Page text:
What is the Capital of Brazil?
Central West Region Brasil
Brazil capital city is Brasilia, which is both a city and a Federal District, located in the central-west region.
Brazil is geographically divided into five regions, North, Northeast, Central-West, South and Southeast. The country comprise
of twenty-six states in addition to one Federal District, which
is Brasilia, the capital. Of the 26 other states, nine make up Brazil northeast.
As you can see from the map of Brasil, Brazil capital and federal district is surrounded by the Brazilian state of Goiás, with the exception of a short boundary with Minas Gerais. The Brazilian capital has a population in the region of 2,455,903 according to the 2007 census and is the
seat of the Brazilian government.
The capitol of Brazil, which is listed as a World Heritage Site by UNESCO, is also home to the presidential palace - Palácio da Alvorada, the Brazilian Parliament and Brazil's Supreme Court. Brasília city is also known as the "Capital da Esperança" - meaning, "The Capital of Hope", a phrase
coined by the French author André Malraux.
Although the architect's original urban concept and design for the construction of Brasilia was that of a cross to symbolise possession, It is said by many that when you look down on Brasilia from the air, its shape resembles that of an airplane while others see the shape in terms of a bird with outstretched wings.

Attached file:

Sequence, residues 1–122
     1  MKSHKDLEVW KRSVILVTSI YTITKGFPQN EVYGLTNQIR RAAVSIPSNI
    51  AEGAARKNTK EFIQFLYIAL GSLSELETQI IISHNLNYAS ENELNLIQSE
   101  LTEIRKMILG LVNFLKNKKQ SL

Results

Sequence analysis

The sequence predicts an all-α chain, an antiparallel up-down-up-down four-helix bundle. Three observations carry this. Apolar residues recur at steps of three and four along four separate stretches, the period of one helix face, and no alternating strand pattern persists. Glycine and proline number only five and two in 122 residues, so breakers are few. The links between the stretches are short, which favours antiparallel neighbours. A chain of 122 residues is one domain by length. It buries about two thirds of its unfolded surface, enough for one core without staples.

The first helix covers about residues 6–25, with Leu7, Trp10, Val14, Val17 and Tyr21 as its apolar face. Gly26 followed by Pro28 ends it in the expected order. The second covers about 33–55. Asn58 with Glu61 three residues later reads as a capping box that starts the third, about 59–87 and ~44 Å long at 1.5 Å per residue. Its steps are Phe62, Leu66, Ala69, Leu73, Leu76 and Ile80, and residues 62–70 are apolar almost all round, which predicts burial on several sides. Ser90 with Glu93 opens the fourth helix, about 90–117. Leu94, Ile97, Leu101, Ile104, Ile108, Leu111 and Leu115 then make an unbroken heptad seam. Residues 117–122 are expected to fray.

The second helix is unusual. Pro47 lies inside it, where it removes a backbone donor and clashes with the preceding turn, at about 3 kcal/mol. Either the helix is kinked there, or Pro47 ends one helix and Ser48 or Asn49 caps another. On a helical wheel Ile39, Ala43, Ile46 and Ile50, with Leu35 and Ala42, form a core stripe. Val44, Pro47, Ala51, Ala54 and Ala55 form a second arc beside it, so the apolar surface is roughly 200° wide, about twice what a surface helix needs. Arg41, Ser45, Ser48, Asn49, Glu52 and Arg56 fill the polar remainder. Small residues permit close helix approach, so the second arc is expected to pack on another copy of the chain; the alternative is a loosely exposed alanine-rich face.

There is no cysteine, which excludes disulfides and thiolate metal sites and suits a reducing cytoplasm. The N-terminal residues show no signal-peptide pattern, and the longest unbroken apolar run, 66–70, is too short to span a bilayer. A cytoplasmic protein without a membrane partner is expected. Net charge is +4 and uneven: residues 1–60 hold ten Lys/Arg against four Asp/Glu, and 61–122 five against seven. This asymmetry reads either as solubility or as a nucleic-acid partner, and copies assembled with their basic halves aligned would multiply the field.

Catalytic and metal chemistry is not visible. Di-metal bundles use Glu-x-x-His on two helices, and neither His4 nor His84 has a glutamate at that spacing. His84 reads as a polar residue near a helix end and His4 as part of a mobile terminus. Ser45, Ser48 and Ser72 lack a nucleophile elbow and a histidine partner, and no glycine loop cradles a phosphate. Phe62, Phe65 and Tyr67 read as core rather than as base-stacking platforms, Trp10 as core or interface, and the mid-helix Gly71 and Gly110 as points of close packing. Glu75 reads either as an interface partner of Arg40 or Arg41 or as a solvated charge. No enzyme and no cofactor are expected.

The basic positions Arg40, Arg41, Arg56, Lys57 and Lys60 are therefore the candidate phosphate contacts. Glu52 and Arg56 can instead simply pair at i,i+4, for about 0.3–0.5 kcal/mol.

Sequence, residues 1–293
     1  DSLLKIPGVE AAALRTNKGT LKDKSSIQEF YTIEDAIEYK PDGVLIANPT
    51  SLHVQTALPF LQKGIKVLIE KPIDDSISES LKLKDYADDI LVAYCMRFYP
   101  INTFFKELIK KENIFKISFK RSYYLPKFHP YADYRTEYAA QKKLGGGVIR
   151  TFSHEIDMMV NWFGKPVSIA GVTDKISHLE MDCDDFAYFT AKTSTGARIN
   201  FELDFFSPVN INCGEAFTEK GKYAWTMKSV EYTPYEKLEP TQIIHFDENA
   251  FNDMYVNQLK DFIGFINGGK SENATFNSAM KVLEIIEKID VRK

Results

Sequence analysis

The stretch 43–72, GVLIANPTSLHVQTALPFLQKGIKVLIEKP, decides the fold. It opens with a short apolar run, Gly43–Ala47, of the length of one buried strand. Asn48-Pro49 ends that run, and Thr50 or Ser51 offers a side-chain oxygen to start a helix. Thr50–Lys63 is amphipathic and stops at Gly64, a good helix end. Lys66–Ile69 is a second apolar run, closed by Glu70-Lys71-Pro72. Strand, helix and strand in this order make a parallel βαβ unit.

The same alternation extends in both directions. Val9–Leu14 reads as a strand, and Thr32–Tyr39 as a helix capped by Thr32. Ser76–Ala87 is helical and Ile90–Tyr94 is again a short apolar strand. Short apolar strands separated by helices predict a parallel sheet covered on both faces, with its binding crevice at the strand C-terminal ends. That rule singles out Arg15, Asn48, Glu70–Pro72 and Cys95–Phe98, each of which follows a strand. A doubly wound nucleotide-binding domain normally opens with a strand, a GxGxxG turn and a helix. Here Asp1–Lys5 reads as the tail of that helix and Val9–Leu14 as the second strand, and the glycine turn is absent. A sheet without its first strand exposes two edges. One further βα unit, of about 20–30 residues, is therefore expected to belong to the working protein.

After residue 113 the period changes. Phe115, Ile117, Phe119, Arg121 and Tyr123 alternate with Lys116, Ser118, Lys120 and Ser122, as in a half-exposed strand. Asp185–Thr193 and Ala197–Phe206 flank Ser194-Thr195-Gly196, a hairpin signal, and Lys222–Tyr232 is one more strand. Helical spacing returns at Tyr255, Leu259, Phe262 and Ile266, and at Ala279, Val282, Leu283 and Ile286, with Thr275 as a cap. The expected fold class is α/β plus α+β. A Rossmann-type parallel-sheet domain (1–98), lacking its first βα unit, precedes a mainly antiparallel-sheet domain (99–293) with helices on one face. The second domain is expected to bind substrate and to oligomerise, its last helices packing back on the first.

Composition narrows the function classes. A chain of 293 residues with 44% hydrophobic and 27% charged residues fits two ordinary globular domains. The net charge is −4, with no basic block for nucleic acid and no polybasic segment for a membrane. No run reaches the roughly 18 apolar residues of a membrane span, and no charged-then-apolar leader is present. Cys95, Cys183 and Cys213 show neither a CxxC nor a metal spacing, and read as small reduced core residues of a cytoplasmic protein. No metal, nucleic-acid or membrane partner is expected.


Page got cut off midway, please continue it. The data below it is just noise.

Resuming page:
Background info on the capital city of Brazil
From 1763 to 1960, the southeastern coastal city of Rio de Janeiro was the capital city of Brazil.
Back in 1823, José Bonifácio de Andrada e Silva, a counselor and minister to Dom Pedro I, suggested the name 'Brasilia'
in a bill presented to the Brazilian assembly to build a new Brazil capital city.
The construction of the Brasil capital Brasilia, was ordered by President Jescelino Kubitschek, who fulfilled an article of the Country's constitution, namely, that Brazil's capital and federal city should be moved from Rio de Janeiro to the center of Brasil. A determining factor of the early article was for a new capital city that was away from the sea and safe from invaders. The main urban planner, chief architect and landscape designer were Lúcio Costa, Oscar Niemeyer and Roberto Burle Marx, respectively.
Construction commenced in 1956. The rationale behind the Brazilian government's relocation at this time being, that Brasilia's geographical central location would be a more regionally neutral federal capital and that by moving inland, more people would follow and populate the then, isolated region thus integrating the entire
territory of Brazil.
People from all over the country were recruited to help with the
building of the Brazil capital city and especially people from Northeast Brazil. Brazilia formally became the capital of Brazil in 1960, when it was officially inaugurated. Today, Brasilia, Brazil's capital city is considered a world reference for urban planning.
With its pioneering positioning of residential buildings around expansive urban areas and with the city being built around large avenues that divide it into sectors, the design plan has captured the imagination and stimulated much debate on 20th century city living.
The cosmopolitan national city of Brasil, with futuristic design. Brasilia is the seat of government, as well as
being host to major businesses.Some interesting facts about Brasilia...
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